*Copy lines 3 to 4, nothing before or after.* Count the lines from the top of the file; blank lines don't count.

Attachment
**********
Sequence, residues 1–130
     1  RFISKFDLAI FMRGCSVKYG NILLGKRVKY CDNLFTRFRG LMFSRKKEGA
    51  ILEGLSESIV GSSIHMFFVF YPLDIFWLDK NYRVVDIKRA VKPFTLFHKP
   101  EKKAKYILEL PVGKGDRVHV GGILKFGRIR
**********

    51  ILEGLSESIV GSSIHMFFVF YPLDIFWLDK NYRVVDIKRA VKPFTLFHKP
   101  EKKAKYILEL PVGKGDRVHV GGILKFGRIR